There comes a time in every woman’s life when she must attempt the impossible. While staring at what used to be the temple that contains her clothes, but now more closely resembles the aftermath of a violent hurricane, it is inevitable that she will finally concede to making like Eminem, and cleaning her closet out.
For me, this happened last Saturday. While looking for a pair of white sneakers, I happened upon a green toothbrush. This would have been fine and well if the circumstances of my closet allowed for the co-mingling of shoes and dental accoutrements but such is not the case and you know what that tells me?
I should probably see a dentist.
Illustration by Elizabeth Tafaro
Staring at the pile of clothes accumulating under bigger piles of clothes and my unintentional beginning to discern the pants from the shirts from the dresses from the belts, (useless fact: I counted three butterflies on three separate garments in one such pile,) I was almost sure that the task of cleaning this particular closet on this particular day was an insurmountable one. I am historically pretty good at keeping shit clean–if not for the sake of my own sanity than because I respect my belongings. I’m not exactly sure what drove me to begin subsisting among such an utter mess but with summer about to usurp spring’s marginal throne, it was clearly high time I get my shit together–literally.
And so, I began blasting Drake’s Started from The Bottom (I couldn’t wait to be capital-H-Here,) and started from the bottom. Here are five tips I gathered in my quest to clean my closet.
1. Tackle what is directly in front you. Now, I can’t speak for you, but I know that when I see a big ass mess, I often have a hard time determining where to start the clean up process. I also know it’s fairly futile to put effort into stressing myself out. Just start with what’s in front of you–begin folding or laundering, or creating a new throwaway pile and watch the mess begin working itself out.
2. Yes, color coding is fun but it’s also a little aggressive. I can’t speak for you on this front either but I tend to do this really ambitious thing when while folding my shirts and replacing them on their shelves or in their cabinets, I color code them. In my head, I think I believe that if they’re separated by color, I’ll have an easier time finding them but maintaining a rainbow closet is not easy. Creating cleaning algorithms that you can’t follow through with is silly. Ultimately, we really shouldn’t be having a hard time finding our shirts to begin with. If this is the case, creating larger throwaway piles is likely in order.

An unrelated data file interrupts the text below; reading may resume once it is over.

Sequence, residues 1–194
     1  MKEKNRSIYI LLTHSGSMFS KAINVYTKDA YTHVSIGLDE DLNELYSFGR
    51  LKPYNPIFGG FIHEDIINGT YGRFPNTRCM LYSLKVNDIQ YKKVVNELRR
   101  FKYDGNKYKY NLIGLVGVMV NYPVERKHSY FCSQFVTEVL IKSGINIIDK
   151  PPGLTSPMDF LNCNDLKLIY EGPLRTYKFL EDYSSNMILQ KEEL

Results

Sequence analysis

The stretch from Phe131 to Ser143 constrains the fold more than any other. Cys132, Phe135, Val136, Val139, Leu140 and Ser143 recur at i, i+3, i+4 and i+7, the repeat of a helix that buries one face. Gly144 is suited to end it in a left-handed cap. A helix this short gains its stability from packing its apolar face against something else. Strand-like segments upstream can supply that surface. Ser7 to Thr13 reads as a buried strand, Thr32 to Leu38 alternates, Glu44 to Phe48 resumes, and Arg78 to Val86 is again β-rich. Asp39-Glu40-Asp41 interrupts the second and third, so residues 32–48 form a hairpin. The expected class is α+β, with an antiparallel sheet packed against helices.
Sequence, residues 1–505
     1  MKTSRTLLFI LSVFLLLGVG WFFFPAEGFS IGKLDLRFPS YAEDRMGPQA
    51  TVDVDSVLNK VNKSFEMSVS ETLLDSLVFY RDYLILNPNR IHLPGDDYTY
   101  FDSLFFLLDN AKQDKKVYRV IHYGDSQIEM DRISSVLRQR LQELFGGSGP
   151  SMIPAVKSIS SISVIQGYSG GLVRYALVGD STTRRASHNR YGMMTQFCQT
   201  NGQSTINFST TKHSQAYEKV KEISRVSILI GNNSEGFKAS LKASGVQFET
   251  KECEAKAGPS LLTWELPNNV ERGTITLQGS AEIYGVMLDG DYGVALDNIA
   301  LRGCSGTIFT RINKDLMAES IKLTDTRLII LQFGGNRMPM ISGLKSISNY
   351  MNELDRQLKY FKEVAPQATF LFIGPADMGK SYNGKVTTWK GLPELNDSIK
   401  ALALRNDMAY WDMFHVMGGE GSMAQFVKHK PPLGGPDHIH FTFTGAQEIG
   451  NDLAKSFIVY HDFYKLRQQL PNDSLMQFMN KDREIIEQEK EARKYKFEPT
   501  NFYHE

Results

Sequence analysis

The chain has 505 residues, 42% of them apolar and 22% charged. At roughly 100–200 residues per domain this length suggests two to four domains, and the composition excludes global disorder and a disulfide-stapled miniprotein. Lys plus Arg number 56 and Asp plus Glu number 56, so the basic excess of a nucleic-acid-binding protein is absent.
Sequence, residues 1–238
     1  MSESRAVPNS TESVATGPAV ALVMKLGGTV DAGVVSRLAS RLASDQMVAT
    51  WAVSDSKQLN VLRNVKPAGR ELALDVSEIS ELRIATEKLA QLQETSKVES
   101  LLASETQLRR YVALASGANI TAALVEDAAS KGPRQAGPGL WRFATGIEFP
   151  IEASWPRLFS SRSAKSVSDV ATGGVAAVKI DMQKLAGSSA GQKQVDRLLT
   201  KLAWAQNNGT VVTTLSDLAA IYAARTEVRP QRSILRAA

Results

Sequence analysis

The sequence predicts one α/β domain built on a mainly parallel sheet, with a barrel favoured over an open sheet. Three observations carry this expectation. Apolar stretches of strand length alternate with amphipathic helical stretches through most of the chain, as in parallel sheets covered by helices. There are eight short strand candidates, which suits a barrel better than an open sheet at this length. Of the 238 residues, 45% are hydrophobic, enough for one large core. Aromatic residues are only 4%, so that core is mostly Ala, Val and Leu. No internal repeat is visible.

3. Of course, when I say throwaway, I don’t actually mean throwaway (unless the garments in question are stained, wildly old or perpetually smelly). Clothing donation funds that I am particularly keen on include The Salvation Army, Housing Works, and Yeshiva University’s ongoing drive. When considering precisely what to throw away, ask yourself this question: if I haven’t worn it in at least two seasons, will I ever wear it again? For the often hyper trendy, fleeting items, chances are you’re thinking: what if it comes back. Am I right? But even if it does come back, it won’t be for a long while and by then Zara will be creating a far superior iteration of the precise garment and you won’t even deign to reflect on what’s lost.
To resell your clothing, I suggest visiting Copious, where I’m reselling mine.
4. When considering what to keep, implement this rule of thumb: There are obviously garments that remain in our closets until death do us part and the previous tip does not suggest those tangible memories take a backseat. If we’re speaking in terms of, say, the formal dress or jacket your grandmother gave you, or that old blouse from when your dad was 30 pounds lighter, you’re far more likely to harbor the memory and subsequent item. If you’re having a hard time letting go of something, ask yourself how many ways you can wear it incorporating additional clothes still alive and kicking in your closet. If the answer is upward of three ways, keep it.
5. Maintain your new closet. Cleaning your closet is a lot like getting a bikini wax. If you neglect the targeted region for too long, the next time you commit to, you know, cleaning it up, it’s painful, frustrating and time consuming. If, however, you vow to maintain its cleanliness (so to speak), it almost feels effortless when you confront the hardship which, at this point, isn’t even really all that hard. (Give or take a wax strip or two).